The Cavalier Daily
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Tech, take two

Watching the game Saturday was torturous. And I'm not just talking about the awful announcers who several times called two-point shots "three-pointers," mispronounced names left and right, and even on one occasion referred to the Virginia Tech players as "Cavaliers." Blegh. It wasn't just the obsession Hokie fans seem to have with power outages. It wasn't the caustic chants of "JUST LIKE FOOT-BALL!" that cut to the core of me like Ish Smith cut into the lane against our defense. It wasn't the terrible quality of Raycom Sports' broadcast, nor the bamboo shoots that were being eased under my fingernails. It wasn't even that we lost. It was how.

During the coverage, the commentators discussed the "Keys to the Game" as analysts are want to do.

"This is what [insert team here] has to do to win."

In this case, the team was Virginia.

So whatever stat men Raycom has working the game look back at Virginia's season and try to find some kind of correlation among the games they have won. For example, Virginia is 10-1 when they score more than 70 points.

The commentators also might mention that "Virginia needs to see offensive production outside of Landesberg and Scott."

Or, "They need to manage a reasonable field goal percentage."

Of course, as anyone who has taken a basic course in statistics will tell you, correlation doesn't prove causation, and in these cases, there is no causation.

If Landesberg scored 250 points all by himself, the Cavaliers wouldn't really need points from anyone else, would they?

What if they held the Hokies to 15 points in regulation - would they still need to score 70 to win?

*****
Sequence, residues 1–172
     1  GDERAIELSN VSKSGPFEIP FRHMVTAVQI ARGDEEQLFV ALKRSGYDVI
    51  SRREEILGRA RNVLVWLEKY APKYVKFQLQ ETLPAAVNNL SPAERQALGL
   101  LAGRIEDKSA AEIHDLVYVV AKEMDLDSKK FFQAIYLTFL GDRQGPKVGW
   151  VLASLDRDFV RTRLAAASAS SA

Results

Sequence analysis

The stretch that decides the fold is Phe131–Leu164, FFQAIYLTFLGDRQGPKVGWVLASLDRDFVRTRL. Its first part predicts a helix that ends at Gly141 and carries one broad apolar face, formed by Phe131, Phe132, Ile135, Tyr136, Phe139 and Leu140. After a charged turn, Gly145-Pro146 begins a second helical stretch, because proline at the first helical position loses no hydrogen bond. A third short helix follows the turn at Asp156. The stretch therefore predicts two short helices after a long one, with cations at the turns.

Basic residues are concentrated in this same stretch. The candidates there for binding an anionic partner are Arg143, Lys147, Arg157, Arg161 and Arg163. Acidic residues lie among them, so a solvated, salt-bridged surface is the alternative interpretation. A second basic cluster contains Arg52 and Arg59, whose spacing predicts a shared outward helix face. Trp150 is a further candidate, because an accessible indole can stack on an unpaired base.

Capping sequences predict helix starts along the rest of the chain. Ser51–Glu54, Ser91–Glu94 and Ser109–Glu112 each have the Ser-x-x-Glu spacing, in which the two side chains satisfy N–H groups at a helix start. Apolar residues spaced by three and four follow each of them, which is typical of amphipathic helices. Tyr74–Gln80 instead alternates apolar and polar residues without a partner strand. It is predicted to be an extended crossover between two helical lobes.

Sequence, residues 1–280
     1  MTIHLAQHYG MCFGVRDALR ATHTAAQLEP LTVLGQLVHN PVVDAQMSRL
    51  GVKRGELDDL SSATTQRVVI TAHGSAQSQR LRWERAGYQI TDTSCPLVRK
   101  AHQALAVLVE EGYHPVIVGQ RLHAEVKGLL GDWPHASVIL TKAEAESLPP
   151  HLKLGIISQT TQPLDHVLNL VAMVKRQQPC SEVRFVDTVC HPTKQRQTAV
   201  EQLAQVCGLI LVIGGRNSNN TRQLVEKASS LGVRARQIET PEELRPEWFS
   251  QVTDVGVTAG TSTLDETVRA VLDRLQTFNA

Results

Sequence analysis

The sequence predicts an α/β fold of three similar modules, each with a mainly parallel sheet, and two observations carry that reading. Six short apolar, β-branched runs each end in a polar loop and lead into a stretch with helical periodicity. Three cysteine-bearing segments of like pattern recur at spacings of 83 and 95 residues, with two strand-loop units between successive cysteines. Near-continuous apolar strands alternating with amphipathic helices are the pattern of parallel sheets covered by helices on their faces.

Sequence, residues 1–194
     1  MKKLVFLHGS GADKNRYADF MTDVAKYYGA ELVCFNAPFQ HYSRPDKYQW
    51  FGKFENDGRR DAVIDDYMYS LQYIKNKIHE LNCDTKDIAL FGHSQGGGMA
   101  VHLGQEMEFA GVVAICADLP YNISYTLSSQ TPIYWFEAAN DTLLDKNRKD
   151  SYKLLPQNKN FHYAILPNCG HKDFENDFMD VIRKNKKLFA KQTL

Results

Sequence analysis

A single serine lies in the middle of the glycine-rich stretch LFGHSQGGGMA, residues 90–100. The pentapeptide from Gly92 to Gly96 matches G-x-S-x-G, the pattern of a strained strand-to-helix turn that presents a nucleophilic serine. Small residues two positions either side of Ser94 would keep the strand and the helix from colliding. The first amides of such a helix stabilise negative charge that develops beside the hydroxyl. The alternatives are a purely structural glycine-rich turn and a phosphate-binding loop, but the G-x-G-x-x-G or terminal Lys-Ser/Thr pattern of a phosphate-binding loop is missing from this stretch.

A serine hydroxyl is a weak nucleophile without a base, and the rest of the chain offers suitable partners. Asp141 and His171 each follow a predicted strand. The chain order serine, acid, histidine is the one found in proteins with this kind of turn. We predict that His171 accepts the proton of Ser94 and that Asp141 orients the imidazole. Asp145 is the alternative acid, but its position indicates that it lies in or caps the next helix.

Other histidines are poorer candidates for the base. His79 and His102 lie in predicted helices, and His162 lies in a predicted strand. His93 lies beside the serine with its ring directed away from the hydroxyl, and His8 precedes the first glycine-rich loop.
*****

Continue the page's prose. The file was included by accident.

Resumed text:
If they only shot 8 percent from the field, couldn't they still win if they took 10,000 shots?

The bottom line is the old John Madden rule: Score more points than the other team. That is what Virginia hasn't been doing.

The Cavaliers and the Hokies were tied with two minutes left. Just like they were tied at the end of regulation against the Hokies during the last matchup, or against the Demon Deacons last week.\nThe key for Virginia to win Saturday was the last two minutes of the game. Throw away everything else. Forget Sammy's abysmal 1-7 shooting up until that point. It doesn't matter that when sophomore center Assane Sene is on the floor, the Cavaliers are basically playing four on five on offense.

Whatever happened during the first 38 minutes of the game didn't matter. Throw all those "Keys to the Game" out the window. Virginia played pretty badly for most of the game, shooting only 32.8 percent and fouling up a storm during the second half. But that didn't matter because whatever Virginia was doing, they were tied with the Hokies with 1:51 left. Sure there were four times that if Sylven had just shot a three instead of a 20-foot, eight-inch jumper, the Orange and Blue would be leading instead of tied. Or how about the wide-open dunk that Mike Scott missed? Bet he wishes he had that one back.

But, again, none of that matters. Virginia was still in the game with less than two minutes left. The game was tied, and the Cavaliers had the ball. Advantage Virginia, right?

Whatever the team is doing for the majority of the game is working - they just can't finish. Now, I'm not saying I wouldn't prefer to be up 20 with 1:51 remaining, but frankly, I'll take tied with less than two minutes and possession.

Then again, if I were with the Hokies, I'd take that, too.


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